if self.dim < args.length
    raise(ArgumentError,"wrong number of arguments\
       (#{args} for #{effective_dim(self)})")
  else
    result = Array.new()
    slice = get_slice(@dim, args, @shape)
    stride = get_stride(self)
    if slice[:single]
      if (@dtype == :object)
        result = @s[dense_storage_get(slice,stride)]
      else
        s = @s.toArray().to_a
        result = @s.getEntry(dense_storage_get(slice,stride))
      end
    else
      result = dense_storage_get(slice,stride)
    end
  end
  return result
end

NMatrix#[]= calls the #dense_storage_set operator which calls #get_slice operator that use the stride to find out whether we are accessing a single element or multiple elements. If there are multiple elements #set_slice recursively sets the elements of the matrix then returns an NMatrix object with the elements along the dimension.

All the relevant code for slicing can be found here.

Enumerators

NMatrix-MRI uses the C code for enumerating the elements of a matrix. Just as with slicing, the NMatrix-JRuby uses pure Ruby code in place of the C code. Currently, all the enumerators for dense matrices with real data-type have been implemented and are properly functional. Enumerators for objects have not yet been implemented.

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def each_with_indices
  nmatrix = create_dummy_nmatrix
  stride = get_stride(self)
  offset = 0
  #Create indices and initialize them to zero
  coords = Array.new(dim){ 0 }

  shape_copy =  Array.new(dim)
  (0...size).each do |k|
    dense_storage_coords(nmatrix, k, coords, stride, offset)
    slice_index = dense_storage_pos(coords,stride)
    ary = Array.new
    if (@dtype == :object)
      ary << self.s[slice_index]
    else
      ary << self.s.toArray.to_a[slice_index]
    end
    (0...dim).each do |p|
      ary << coords[p]
    end

    # yield the array which now consists of the value and the indices
    yield(ary)
  end if block_given?
  nmatrix.s = @s

  return nmatrix
 end

Two-Dimensional Matrices

Linear algebra is mostly about two-dimensional matrices. In NMatrix, when performing calculations in a two-dimensional matrix, a one-dimensional array is converted to a two-dimensional matrix. A two-dimensional matrix is stored in the JRuby implementation as a BlockRealMatrix or Array2DRowRealMatrix. Each has its own advantages.

Getting a 2D Matrix

Alt Getting a 2D-matrix

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public class MatrixGenerator
{
  public static double[][] getMatrixDouble(double[] array, int row, int col)
  {
    double[][] matrix = new double[row][col];
    for (int index=0, i=0; i < row ; i++){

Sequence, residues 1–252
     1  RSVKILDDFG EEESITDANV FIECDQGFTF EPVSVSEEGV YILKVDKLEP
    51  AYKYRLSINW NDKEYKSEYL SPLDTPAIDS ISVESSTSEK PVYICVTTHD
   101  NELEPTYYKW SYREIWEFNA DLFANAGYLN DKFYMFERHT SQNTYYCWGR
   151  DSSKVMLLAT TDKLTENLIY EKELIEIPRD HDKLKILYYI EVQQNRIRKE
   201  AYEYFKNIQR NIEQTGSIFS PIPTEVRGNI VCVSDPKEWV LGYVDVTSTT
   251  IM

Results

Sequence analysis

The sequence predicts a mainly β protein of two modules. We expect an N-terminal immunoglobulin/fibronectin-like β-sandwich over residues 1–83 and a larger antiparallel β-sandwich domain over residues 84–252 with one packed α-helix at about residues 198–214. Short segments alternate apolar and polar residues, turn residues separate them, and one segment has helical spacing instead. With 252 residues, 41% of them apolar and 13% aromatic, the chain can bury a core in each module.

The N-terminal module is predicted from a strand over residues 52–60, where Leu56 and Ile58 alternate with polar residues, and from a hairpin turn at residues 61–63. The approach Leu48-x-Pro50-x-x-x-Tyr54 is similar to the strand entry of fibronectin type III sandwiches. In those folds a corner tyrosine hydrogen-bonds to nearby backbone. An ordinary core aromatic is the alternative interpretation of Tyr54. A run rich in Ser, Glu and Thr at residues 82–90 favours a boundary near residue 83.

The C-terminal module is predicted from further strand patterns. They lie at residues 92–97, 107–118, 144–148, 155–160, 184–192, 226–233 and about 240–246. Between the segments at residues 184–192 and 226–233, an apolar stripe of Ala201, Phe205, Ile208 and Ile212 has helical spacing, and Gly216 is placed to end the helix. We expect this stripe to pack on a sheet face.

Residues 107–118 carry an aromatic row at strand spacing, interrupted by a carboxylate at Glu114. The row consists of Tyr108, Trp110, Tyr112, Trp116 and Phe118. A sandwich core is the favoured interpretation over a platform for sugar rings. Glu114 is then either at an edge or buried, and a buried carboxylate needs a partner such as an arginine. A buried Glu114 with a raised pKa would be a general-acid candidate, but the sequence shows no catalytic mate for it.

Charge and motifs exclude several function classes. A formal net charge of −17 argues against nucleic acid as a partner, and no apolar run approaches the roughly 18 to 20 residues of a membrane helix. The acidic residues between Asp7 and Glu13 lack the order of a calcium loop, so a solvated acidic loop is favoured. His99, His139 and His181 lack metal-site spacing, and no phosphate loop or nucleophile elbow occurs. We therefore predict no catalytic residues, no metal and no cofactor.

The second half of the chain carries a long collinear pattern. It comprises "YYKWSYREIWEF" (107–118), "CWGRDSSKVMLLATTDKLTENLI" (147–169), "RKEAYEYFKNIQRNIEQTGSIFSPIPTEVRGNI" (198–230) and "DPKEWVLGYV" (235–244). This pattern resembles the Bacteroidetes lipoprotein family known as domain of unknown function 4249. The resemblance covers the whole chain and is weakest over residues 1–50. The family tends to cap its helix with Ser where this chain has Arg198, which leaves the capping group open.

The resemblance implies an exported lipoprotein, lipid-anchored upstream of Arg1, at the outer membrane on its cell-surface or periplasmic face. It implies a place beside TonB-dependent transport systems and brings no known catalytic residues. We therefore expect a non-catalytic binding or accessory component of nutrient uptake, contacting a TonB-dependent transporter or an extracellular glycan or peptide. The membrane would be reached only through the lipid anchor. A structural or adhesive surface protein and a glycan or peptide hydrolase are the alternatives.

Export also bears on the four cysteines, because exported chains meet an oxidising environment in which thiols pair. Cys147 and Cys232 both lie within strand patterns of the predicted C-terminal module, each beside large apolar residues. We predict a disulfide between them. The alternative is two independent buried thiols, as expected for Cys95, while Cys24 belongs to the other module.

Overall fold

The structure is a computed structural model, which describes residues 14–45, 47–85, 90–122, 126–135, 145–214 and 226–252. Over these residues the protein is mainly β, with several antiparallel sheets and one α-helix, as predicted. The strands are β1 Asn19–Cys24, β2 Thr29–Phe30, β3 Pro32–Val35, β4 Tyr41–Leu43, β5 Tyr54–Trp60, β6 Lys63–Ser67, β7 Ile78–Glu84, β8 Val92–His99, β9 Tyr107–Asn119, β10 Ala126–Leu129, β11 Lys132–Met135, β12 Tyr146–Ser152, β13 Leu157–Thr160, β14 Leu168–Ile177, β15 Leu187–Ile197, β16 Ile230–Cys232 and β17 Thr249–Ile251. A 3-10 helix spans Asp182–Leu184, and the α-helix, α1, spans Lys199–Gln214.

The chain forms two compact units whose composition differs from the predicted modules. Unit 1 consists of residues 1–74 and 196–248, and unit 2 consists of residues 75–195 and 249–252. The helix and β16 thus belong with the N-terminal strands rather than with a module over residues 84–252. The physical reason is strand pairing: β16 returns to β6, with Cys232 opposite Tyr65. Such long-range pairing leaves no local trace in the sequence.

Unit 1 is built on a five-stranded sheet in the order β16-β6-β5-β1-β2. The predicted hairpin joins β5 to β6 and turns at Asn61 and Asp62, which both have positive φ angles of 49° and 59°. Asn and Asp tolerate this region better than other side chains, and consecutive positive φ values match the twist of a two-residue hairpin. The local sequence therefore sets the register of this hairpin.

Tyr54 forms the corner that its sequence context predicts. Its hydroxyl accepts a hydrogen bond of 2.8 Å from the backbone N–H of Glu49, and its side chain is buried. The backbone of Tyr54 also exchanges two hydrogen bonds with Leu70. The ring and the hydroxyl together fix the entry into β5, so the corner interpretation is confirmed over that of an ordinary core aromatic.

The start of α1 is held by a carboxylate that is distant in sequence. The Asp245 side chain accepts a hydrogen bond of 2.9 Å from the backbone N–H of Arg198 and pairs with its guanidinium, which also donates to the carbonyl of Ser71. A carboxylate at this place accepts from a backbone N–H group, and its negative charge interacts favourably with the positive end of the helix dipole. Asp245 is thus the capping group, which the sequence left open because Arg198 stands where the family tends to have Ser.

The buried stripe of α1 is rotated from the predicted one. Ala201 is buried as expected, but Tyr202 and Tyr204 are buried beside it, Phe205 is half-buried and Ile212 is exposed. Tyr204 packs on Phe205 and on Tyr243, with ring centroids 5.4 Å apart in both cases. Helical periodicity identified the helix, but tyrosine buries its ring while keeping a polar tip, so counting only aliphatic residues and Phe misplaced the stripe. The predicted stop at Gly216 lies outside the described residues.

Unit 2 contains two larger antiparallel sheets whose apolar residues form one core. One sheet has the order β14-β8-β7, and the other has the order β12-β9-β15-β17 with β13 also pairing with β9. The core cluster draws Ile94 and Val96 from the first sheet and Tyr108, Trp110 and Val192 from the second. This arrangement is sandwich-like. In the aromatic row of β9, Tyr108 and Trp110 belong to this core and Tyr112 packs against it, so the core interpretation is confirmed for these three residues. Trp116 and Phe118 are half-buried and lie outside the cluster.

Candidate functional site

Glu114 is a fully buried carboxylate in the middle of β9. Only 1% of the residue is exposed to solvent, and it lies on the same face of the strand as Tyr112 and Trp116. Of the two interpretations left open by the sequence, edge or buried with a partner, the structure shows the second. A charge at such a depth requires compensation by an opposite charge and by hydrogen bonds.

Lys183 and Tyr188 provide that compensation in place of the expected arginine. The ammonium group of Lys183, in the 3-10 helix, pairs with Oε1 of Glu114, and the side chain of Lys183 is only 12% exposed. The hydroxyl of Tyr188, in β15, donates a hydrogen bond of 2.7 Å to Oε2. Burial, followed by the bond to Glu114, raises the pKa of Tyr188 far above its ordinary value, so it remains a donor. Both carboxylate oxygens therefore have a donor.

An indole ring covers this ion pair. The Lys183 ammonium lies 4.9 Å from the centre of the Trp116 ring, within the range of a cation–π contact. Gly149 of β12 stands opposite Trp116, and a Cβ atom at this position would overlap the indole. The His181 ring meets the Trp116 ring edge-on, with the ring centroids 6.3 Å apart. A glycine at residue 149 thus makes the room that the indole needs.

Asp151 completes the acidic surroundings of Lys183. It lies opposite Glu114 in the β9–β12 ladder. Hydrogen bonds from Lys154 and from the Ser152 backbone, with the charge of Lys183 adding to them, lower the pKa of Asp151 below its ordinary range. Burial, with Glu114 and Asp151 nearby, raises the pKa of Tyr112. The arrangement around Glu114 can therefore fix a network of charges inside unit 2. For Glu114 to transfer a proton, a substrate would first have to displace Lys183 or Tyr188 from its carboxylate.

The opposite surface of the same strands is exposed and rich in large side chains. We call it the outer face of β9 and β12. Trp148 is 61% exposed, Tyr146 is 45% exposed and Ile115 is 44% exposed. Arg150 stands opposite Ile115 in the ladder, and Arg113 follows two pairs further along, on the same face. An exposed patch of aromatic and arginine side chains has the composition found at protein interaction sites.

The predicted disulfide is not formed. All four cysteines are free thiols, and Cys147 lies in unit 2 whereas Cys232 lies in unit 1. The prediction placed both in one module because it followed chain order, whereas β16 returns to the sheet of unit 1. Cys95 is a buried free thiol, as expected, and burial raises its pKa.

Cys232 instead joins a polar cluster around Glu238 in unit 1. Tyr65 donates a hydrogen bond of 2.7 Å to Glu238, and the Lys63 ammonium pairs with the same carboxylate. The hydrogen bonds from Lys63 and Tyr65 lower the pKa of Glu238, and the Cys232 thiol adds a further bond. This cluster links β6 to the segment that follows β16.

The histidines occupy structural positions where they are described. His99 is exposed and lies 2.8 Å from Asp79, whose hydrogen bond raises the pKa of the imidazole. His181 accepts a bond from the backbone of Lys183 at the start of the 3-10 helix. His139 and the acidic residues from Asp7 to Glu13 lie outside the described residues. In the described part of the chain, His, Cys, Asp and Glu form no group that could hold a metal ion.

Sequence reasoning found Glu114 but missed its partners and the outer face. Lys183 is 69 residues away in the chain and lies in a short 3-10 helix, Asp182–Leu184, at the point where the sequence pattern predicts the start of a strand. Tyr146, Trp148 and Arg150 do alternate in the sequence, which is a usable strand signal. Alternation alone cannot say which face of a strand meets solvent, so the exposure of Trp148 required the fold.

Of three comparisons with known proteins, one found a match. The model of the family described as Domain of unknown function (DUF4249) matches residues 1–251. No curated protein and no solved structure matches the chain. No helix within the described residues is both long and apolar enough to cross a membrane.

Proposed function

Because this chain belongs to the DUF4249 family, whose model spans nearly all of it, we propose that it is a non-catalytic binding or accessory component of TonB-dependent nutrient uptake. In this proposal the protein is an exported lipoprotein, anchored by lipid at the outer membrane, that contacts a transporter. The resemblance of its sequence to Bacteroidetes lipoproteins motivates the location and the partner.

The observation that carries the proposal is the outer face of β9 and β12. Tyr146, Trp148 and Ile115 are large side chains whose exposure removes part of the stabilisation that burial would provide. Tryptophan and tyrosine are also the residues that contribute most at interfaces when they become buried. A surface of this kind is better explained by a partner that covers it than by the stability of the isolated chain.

for (int j=0; j < col; j++){
            matrix[i][j]= array[index];
            index++;
        }
    }
    return matrix;
  }
}

Convert a 2D-matrix to 1D-array

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public class ArrayGenerator
{
  public static double[] getArrayDouble(double[][] matrix, int row, int col)
  {
    double[] array = new double[row * col];
    for (int index=0, i=0; i < row ; i++){
        for (int j=0; j < col; j++){
            array[index] = matrix[i][j];
            index++;
        }
    }
    return array;
  }
}

Why use a Java method instead of Ruby method?

  1. Memory Usage and Garbage Collection: A scientific library is memory intensive and hence, every step counts. The JRuby interpreter doesn’t need to dynamically guess the data type and uses less memory, typically around one-tenth of it. If the memory is properly utilized, when the GC kicks in, the GC has to clear less used memory space.

  2. Speed: Using java method greatly improves the speed — by around 1000 times, when compared to using the Ruby method.

Operators

All the operators from NMatrix-MRI have been implemented except modulus. The binary operators were easily implemented through Commons Math API and Java Math API.

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def +(other)
  result = create_dummy_nmatrix
  if (other.is_a?(NMatrix))
    #check dimension
    raise(ShapeError, "Cannot add matrices with different dimension")\
    if (@dim != other.dim)
    #check shape
    (0...dim).each do |i|
      raise(ShapeError, "Cannot add matrices with different shapes") \
      if (@shape[i] != other.shape[i])
    end
    result.s = @s.copy.add(other.s)
  else
    result.s = @s.copy.mapAddToSelf(other)
  end
  result
end

Unary Operators (Trigonometric, Exponentiation and Log operators) have been implemented using #mapToSelf method that takes a Univariate function as an argument. #mapToSelf maps every element of ArrayRealVector object to the Univariate function, that is passed to it and returns self object.

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def sin
  result = create_dummy_nmatrix
  result.s = @s.copy.mapToSelf(Sin.new())
  result
end

NMatrix#method(arg) has been implemented using bivariate functions provided by Commons Math API and Java Math API.

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def gamma
  result = create_dummy_nmatrix
  result.s = ArrayRealVector.new MathHelper.gamma(@s.toArray)
  result
end
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import org.apache.commons.math3.special.Gamma;

public class MathHelper{
  ...
  public static double[] gamma(double[] arr){
    double[] result = new double[arr.length];
    for(int i = 0; i< arr.length; i++){
      result[i] = Gamma.gamma(arr[i]);
    }
    return result;
  }
  ...
}

Decomposition

NMatrix-MRI relies on LAPACK and ATLAS for matrix decomposition and solving functionalities. Apache Commons Math provides a different set of API for decomposing a matrix and solving an equation. For example, #potrf and other LAPACK specific functions have not been implemented as they are not required at all.